The Saints of the Church have sung the praises of the Blessed Virgin Mary throughout the centuries, beginning with the Apostles. They were merely imitating Christ Himself, who honored Mary above all others. St. Louis Marie Grignion De Montfort (1673 – 1716) likewise sings her praises and challenges us to seek a deeper understanding of our Spiritual Mother through an interior devotion in a little book known as True Devotion to the Blessed Virgin Mary. Throughout his brief treatise, he masterfully weaves references to Sacred Scripture, the Dogmas of the Church, and the insights of the Saints, and so helps us understand the magnificence of Mary and the boundless love she holds for each one of her spiritual children. Furthermore, he explains the intimate role she plays in our salvation. It would be sheer foolishness to neglect her. He writes, “The Most High God came down to us in a perfect way through the humble Virgin Mary, without losing anything of his divinity or holiness. It is likewise through Mary that we poor creatures must ascend to almighty God in a perfect manner without having anything to fear”(TD,157). Throughout the short treatise, DeMontfort explains his devotion by first helping us to understand the one of a kind relationship Mary has with God. Indeed, the Church teaches through the declaration of various Dogmas as well as through the celebration of her feasts and Solemnities in the Liturgy: “The Church’s devotion to the Blessed Virgin is intrinsic to Christian worship”(Catechism, #971). It’s important to make a distinction between praise and adoration. Adoration is reserved for God alone. We are called to praise Mary, but to adore her Son. We honor her with hymns of praise and heartfelt prayer, especially the Holy Rosary. Indeed, we are compelled to honor her if we are to keep the fourth Commandment. And yet, our relationship with Mary ought to be understood in an infinitely deeper way – through love. “God the Son imparted to his Mother all that he gained by his life and death, namely, his infinite merits and his eminent virtues. He made her the treasurer of all his Father had given him as heritage. Through her he applies his merits to his members and through her he transmits his virtues and distributes his graces…She is His mystic channel, His aqueduct, through which he causes his mercies to flow gently and abundantly.” – True Devotion (TD), no. 24. Mary alone has the unique privilege of being at the same time the daughter of the Father, the spouse of the Holy Spirit, and the Mother of the Son. And of course, it was through her that Jesus took upon Himself our human nature so that he could offer Himself to the Father in reparation for our sins. “Mary alone found grace before God without the help of any other creature. All those who have since found grace before God have found it only through her. She was full of grace when she was greeted by the Archangel Gabriel and was filled with grace to overflowing by the Holy Spirit when he so mysteriously overshadowed her…the Almighty made her the sole custodian of his treasures and the sole dispenser of his graces. She can lead them along the narrow path to heaven and guide them through the narrow gate to life…Jesus is always and everywhere the fruit and Son of Mary and Mary is everywhere the genuine tree that bears that Fruit of life, the true Mother who bears that Son”(TD,44). What an extraordinary relationship! What tremendous humility. By virtue of our baptism, our incorporation into the Body of her Son, we share in that relationship, provided we are faithful to our Baptismal promises. Mary will gently lead us into the Heart of Her Son so that we may be healed and so walk in the Light of Truth. She knows the way. “She is not the sun, dazzling our weak sight by the brightness of its rays. Rather, she is fair and gentle as the moon, which receives its light from the sun and softens it and adapts it to our limited perception. She is so full of love that no one who asks for her intercession is rejected, no matter how sinful he may be. The saints say that it never has been known since the world began that anyone had recourse to our blessed Lady, with trust and perseverance, and was rejected”(TD,85).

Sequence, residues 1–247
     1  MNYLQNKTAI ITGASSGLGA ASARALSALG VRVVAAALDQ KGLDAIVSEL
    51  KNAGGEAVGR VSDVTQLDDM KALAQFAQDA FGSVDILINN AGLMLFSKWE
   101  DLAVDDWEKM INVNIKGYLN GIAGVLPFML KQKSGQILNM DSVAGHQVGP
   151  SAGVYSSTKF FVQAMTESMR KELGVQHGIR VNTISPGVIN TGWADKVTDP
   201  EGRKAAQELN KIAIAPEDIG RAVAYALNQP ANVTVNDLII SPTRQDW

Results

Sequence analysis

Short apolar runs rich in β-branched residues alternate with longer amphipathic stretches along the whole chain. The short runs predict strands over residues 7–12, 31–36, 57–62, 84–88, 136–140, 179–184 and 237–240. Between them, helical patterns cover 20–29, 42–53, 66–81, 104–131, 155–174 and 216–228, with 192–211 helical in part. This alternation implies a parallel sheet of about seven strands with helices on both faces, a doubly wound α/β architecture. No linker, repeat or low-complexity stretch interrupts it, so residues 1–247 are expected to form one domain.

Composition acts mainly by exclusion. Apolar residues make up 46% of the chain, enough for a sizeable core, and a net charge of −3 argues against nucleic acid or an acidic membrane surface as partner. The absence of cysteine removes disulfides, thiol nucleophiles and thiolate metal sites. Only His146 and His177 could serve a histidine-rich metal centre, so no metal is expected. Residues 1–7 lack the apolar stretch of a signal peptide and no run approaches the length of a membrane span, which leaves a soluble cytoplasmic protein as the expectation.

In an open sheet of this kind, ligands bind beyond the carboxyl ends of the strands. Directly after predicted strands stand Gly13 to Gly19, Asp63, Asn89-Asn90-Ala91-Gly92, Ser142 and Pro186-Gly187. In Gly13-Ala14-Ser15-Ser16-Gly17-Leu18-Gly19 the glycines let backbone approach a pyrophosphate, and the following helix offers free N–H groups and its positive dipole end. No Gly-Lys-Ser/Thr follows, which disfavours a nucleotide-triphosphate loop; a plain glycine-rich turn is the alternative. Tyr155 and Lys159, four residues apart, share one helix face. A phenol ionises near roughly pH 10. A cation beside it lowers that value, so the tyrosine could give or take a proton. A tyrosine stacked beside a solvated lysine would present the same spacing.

How would you describe your relationship with the Blessed Virgin Mary? How well do you really know Her? DeMontfort turns to the Scriptures to illustrate the tender and effective love of Mary. Our Lady enables the soul to receive a greater measure of grace thereby forming us into a more perfect likeness of Jesus. “When Mary has taken root in a soul she produces in it wonders of grace which only she can produce; for she alone is the fruitful virgin who never had and never will have her equal in purity and fruitfulness….When the Holy Spirit, her spouse, finds Mary in a soul, he hastens there and enters fully into it. He gives himself generously to that soul according to the place it has given to his spouse”(TD, 35). Mary intercedes on our behalf with her Son, just like at the wedding feast of Cana, asking our Lord to give us the New Wine, that is, the graces won for us through the Paschal Mystery. What hopefulness. Imagine it! She is right beside us helping us to faithfully live in Christ. DeMontfort’s beautiful treatise on our Lady is filled with spiritual treasures, revealing a clear understanding of the role of Mary in the lives of the faithful. It would certainly prove worthy spiritual reading throughout the Holy Season of Lent. Why not consider reading a few paragraphs of True Devotion each day, especially as we begin the month of October, a Marian month, and reflect upon the spiritual insights that lead to a greater understanding of our baptismal promises. The goal we seek of course is a deeper union with our Lord and our Blessed Mother wants to help us. Our late Holy Father, Blessed Pope John Paul II, praised the writings of DeMontfort calling them an “inexhaustible fountainhead of spirituality” that “teach the meaning of true devotion to the Blessed Virgin.” As we draw close to Mary, may we echo his motto: “Totus Tuus” – I am totally yours, Blessed Virgin Mary!
February 2 is the Presentation of the Lord in the Temple—a wonderful day to begin reading De Montfot’s spiritual classic: True Devotion to the Blessed Virgin Mary (Available in our Parish Bookstore).